Clinical research on some drugs for pregnant and lactating women sometimes tries to stop for legal, ethical and safety reasons, when there is not enough clinical evidence to give them the desired reliability. This is because some drugs used in this population group have a potential risk of adverse effects for children.
Animal experimentation is not applicable in most cases due to the unique characteristics of pregnancy in humans.
A recent revision of the “Common Rule” that regulates who should be the candidates to participate in clinical trials, eliminated pregnant women from the classification as a “vulnerable” population, so they can be included in the study populations of these trials. This measure can change the conditions of research and facilitate the research and development of useful and safe drugs in pregnancy and lactation according to specialists (see HERE).
An article published in “American Journal of Obstetrics and Gynecology” supports the expansion of medical research in this group of women, to respond to the current challenges presented by obstetric pharmacology and to explore alternative strategies for future investigations of therapeutics of accuracy in pregnant and lactating women.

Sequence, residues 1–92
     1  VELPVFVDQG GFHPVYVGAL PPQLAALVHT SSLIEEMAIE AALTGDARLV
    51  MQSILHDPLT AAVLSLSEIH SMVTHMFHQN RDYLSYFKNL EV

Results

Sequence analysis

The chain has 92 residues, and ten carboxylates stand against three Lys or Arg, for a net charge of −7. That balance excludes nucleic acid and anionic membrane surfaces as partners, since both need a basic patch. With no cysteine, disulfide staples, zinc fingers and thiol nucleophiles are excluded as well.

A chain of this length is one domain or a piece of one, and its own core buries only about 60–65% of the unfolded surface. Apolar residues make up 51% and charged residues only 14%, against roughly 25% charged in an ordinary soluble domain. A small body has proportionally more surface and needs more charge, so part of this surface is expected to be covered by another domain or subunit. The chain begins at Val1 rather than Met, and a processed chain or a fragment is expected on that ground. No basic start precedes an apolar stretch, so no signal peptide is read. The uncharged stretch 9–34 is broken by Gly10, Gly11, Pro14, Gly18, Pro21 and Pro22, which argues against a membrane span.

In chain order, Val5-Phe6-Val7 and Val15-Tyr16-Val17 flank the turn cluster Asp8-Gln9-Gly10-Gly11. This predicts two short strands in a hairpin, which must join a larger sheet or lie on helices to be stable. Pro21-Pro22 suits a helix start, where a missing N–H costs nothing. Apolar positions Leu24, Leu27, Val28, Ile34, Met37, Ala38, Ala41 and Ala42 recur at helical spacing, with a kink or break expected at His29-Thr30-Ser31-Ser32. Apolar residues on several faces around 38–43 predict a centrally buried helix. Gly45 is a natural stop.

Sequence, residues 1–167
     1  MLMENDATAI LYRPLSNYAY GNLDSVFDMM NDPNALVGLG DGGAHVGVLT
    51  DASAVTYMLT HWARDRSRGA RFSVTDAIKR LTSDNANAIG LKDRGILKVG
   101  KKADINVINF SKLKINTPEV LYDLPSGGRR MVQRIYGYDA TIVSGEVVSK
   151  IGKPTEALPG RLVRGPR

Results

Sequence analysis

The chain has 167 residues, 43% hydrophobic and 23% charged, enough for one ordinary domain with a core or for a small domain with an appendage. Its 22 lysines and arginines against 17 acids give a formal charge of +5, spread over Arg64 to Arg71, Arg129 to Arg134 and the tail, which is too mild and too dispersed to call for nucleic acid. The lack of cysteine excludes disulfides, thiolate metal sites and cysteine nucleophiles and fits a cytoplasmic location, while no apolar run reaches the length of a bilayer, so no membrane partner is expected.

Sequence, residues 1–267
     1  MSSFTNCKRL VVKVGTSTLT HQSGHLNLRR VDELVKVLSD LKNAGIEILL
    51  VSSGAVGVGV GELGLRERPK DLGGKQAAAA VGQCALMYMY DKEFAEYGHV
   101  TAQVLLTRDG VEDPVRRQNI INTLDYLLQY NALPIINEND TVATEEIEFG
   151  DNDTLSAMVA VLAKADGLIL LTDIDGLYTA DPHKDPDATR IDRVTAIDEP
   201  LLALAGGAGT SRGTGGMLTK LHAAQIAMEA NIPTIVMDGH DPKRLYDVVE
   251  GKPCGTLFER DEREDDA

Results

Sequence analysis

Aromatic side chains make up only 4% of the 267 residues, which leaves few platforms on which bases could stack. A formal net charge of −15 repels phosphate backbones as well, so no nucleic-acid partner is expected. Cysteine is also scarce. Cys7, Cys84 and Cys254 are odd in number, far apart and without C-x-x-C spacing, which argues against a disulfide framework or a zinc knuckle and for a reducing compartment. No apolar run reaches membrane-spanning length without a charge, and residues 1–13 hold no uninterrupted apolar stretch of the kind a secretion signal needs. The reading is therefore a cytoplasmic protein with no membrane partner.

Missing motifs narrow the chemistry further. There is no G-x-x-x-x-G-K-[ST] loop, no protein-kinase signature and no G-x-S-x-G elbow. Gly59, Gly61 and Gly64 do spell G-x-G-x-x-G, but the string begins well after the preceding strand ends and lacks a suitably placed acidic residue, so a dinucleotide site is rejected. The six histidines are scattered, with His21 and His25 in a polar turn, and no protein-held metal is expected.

The study also highlights the reluctance of pharmaceutical laboratories to investigate in this field because they understand that the investment does not compensate for the potential economic benefits, given the obstacles and delays that the approval of a new drug in this field by the U.S. Food and Drug Administration may suffer.
A correct balance of the benefit/risk ratio of research in pregnant and lactating women should mark the limits of future trials, which, in this way, will contribute to improving the therapeutic arsenal available for the needs of this population.
As is the case with rare diseases, pharmaceutical research for which future profitability difficulties are foreseen, as it is aimed at relatively small populations, should be promoted by public bodies in order to ensure that these patients have equal access to the necessary treatments of conditions with the rest, as established by the bioethical principles of Justice, Solidarity and Subsidiarity.